I am asked, on a fairly regular basis, to explain image resolution. How to change it, raise it, lower it and generally conform to confusing and usually poorly written jury and show specifications written by people with a limited understanding of the subject. So I’ve put together a short, generalized explanation targeted to those who have better things to do, but want to understand what happens to their images when I send them off to their next big event.

An Image Resolution Primer:

What is it and why is more not always better?

1.  Resolution describes the number of pixels that make up an image, including how closely they are packed together.

2.  There are (for our discussion) two types of pixels: native—what comes out of the camera or scanner, and non-native—those that we add to the native pixels.

3.  Depending on how many pixels we add to the native amount determines how much we degrade the image

4.  “ppi” (incorrectly called “dpi” by many) means “Pixels per Inch”. In other words, how close together are we going to place our finite number of pixels.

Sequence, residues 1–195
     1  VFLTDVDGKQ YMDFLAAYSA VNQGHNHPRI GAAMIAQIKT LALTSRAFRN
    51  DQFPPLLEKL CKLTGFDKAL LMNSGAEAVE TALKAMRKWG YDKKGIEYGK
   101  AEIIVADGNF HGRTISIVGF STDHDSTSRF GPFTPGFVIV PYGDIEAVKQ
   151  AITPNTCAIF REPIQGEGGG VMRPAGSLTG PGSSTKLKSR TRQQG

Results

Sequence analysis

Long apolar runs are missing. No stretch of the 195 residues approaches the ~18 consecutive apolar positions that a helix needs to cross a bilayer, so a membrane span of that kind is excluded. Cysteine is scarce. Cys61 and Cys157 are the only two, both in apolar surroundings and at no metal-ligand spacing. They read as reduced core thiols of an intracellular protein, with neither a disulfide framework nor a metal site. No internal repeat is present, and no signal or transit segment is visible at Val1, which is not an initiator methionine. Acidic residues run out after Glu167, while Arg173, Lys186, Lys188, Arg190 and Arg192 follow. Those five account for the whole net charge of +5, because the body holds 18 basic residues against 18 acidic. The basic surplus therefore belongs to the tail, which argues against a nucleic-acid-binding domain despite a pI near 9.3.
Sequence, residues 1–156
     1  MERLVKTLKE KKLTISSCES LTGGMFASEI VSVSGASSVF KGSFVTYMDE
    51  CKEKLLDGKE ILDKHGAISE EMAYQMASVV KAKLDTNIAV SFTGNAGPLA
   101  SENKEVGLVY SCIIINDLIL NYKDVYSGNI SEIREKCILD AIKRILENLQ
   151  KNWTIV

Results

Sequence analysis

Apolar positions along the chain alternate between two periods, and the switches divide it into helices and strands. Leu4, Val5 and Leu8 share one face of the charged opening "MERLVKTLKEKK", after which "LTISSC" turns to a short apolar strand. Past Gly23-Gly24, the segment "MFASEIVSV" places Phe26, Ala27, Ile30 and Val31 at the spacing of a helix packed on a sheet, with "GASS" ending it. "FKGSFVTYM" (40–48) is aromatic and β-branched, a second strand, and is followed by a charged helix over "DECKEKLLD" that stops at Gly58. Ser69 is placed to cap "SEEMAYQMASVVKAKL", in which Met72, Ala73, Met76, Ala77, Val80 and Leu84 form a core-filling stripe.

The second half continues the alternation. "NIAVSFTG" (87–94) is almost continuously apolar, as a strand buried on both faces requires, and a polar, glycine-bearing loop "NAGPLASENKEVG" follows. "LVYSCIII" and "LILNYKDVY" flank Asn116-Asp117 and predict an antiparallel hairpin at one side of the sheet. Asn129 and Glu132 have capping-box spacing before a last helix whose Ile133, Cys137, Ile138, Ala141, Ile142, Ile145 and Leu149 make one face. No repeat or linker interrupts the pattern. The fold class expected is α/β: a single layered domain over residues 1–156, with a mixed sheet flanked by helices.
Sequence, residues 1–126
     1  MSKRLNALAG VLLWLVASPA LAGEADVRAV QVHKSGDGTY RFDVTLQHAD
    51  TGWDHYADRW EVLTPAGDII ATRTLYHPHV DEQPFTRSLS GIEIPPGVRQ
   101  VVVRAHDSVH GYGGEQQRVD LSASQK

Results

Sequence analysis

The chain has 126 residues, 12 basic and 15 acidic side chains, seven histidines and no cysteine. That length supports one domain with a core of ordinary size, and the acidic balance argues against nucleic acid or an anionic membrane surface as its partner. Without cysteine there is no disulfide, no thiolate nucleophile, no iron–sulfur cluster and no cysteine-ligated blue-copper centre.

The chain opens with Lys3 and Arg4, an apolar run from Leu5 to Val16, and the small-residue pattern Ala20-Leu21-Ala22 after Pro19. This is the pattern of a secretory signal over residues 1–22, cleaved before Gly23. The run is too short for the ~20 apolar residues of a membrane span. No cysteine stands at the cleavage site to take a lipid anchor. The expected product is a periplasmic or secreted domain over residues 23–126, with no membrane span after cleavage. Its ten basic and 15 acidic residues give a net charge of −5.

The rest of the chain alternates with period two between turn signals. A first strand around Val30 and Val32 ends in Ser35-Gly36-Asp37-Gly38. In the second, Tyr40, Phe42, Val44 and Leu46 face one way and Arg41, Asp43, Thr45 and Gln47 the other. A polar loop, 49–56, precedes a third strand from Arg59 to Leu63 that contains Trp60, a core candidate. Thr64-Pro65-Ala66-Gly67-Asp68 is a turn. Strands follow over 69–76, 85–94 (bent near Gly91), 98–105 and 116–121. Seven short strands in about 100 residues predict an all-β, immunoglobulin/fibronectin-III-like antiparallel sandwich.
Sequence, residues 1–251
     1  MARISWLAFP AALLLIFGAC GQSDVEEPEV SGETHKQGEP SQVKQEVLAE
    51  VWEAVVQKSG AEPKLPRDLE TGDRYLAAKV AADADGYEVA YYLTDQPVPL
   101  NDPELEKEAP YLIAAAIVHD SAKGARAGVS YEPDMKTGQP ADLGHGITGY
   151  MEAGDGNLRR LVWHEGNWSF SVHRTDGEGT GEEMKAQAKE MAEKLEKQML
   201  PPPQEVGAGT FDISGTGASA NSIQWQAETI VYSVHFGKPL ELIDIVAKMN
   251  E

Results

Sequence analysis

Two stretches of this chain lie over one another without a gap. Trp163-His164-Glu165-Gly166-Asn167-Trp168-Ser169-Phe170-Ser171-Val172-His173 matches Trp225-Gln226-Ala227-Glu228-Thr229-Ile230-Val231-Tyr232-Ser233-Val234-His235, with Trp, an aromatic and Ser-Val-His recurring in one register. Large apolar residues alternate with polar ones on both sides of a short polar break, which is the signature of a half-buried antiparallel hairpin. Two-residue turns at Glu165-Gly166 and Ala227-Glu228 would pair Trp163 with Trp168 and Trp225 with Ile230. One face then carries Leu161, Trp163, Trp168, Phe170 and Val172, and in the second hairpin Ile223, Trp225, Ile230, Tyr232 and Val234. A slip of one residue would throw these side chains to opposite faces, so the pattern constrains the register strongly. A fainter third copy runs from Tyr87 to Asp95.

5.  ppi (pixels per inch) is important only for images that will be printed.

6.  If an image is to be viewed on a monitor, ppi is irrelevant. Instead, we take into consideration only the total number of pixels available and adjust that number to an appropriate level for most screens—generally around 800 to 1200 pixels on the long side of the image being adjusted.

So, when a jury spec sheet asks for a “300ppi” or “high resolution” image, you know they’re not giving you enough information. They’re only asking for a certain density of pixels, not the total number, which is ALL that’s important for viewing on a monitor.

That’s all for now. I will update this information depending on the questions I receive concerning clarity and degree of detail. Future posts will discuss methods of effectively changing resolution, color management and anything else that might be requested, so if you have questions, let me know.